"You shall know the truth, and the truth shall make you odd." ~Flannery O'Connor

Sunday, February 05, 2012

Divine simplicity and divine freedom, Part xn

The topic named in my title is one that I've written about before, for an academic journal, on this blog, and in the course of combox defenses of Catholic doctrine. At his blog Just Thomism, philosopher James Chastek offers a new insight and a new mistake about the relationship between divine simplicity and divine freedom.

The insight is that God's freedom is not that of "indetermination," which is the sort we have in via and, to a lesser extent, even in patria. That's because
If we consider the indetermination of the freedom so far as it does not possess some determinate good, then freedom is not a perfection or a good. The lack of good is not a good. So far as we take freedom in this way, we don’t call God free; and so far as freedom is taken as a perfection, and therefore said of God, we throw out the idea of indetermination-in-the-sense-of lacking-good and keep only the more central perfection (say, self- possession, or being the Lord of ones action.) We might even keep the idea of indetermination so far as we mean that God’s action is not forced by another, or so far as he is responsible for it.
Quite so. But orthodox theology affirms that God is free in some sense. So Chastek says:
Again, the divine freedom, so far as there is a thing, cannot be defined without bringing in the notion of creation. The Son, for example, does not proceed from the Father’s will, but if this is the case, the divine freedom cannot be defined without relation to the imperfection of creation, and divine freedom is not taken as an absolute perfection, as though the possibility of freedom would remain if the imperfect (that is, creation) were not possible.
Now God needn't have created, yet would have been fully free if he had not. Chastek knows that, which why he says that divine freedom entails only the "possibility" of "imperfection,"—a possibility which, given God's absolute perfection, is logically equivalent to the possibility of creation. So God is free just in case he can produce something imperfect, i.e., not fully determined, whether or not he actually does so. And of course, the fact that he has actually done so doesn't make him any more, or less, free.

From the standpoint of natural theology alone, that argument seems attractive. But even at that level, there's a Thomistic worry: since God cannot stand in a "real relation" to actual creation, it isn't even meaningful to say that he stands in a real relation to the possibility of creation, such that one of his essential attributes depends on that relation. That difficulty might be overcome with felicitous distinctions; but from the standpoint of Christian revelation, Chastek's argument surely contains a false premise, namely that God in se, being fully perfect and thus fully determinate, would lack freedom unless he were able to bring about imperfection ad extra.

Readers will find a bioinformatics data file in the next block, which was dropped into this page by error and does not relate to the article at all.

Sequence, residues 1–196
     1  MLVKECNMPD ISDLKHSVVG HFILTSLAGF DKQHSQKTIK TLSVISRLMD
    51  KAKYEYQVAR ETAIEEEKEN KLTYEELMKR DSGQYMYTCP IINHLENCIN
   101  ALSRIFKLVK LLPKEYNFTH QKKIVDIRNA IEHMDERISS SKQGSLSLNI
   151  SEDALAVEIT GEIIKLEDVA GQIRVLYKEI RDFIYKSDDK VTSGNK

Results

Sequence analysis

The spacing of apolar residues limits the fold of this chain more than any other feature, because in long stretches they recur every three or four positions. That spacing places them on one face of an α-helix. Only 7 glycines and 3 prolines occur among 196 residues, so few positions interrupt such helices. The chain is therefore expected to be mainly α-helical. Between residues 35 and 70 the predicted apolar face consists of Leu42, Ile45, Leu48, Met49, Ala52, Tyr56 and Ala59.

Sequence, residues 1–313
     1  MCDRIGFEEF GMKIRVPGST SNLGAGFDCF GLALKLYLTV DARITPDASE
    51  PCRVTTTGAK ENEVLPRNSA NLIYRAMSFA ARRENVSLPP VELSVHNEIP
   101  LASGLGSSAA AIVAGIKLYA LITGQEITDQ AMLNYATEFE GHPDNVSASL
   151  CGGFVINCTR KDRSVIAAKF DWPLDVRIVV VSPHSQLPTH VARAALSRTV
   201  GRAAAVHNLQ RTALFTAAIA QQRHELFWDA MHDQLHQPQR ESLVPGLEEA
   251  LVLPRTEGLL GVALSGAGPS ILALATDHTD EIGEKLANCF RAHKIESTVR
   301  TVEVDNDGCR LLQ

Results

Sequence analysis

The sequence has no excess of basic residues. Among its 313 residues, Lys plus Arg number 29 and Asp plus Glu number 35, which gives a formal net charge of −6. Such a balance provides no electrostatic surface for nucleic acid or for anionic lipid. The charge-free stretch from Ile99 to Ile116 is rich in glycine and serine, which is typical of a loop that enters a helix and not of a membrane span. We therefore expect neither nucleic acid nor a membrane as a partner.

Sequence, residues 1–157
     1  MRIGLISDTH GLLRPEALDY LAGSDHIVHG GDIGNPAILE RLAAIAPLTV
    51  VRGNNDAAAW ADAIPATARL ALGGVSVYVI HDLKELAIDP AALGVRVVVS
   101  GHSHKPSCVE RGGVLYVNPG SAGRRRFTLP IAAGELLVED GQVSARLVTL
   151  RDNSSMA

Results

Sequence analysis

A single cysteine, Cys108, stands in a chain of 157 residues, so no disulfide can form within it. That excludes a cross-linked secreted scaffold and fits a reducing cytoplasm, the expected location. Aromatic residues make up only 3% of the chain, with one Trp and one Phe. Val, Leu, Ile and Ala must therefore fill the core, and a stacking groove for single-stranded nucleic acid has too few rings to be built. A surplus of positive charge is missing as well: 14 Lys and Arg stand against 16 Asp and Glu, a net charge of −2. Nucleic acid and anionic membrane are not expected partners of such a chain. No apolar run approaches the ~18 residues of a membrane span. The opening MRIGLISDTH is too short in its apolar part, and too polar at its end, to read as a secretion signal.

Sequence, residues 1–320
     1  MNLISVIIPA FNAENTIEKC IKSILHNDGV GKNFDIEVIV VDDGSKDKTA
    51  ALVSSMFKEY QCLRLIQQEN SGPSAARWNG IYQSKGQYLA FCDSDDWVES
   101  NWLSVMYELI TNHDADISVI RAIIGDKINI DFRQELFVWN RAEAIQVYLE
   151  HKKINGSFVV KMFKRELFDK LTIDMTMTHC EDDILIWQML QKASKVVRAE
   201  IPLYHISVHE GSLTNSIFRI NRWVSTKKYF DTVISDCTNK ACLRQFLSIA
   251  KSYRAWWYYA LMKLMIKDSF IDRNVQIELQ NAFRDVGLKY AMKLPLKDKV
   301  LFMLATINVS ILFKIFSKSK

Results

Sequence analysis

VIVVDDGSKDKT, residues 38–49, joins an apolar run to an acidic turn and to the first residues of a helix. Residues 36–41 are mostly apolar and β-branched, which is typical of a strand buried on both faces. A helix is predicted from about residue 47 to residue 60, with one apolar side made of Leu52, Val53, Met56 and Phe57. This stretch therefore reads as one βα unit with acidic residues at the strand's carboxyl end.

Although the coming-forth of the Son and the Holy Spirit from the Father is by natural necessity, not by a choice that could have been otherwise, the love shared by the Persons with each other must in some sense arise from free choice, else it would not be love. One might say that such freedom is only the absence of coercion; but then it would be very hard to explain why natural necessity relevantly differs from absence of coercion.

To make such a criticism stick, I needn't give an account of just how the Persons love each other with free choice. I claim no special insight into the inner life of the Trinity, and neither should anybody else reading this. But I do know that our capacities are but faint analogies of God's, and that for us, love entails freedom of the will. It must entail at least that within the Godhead, prescinding from the question of creation.

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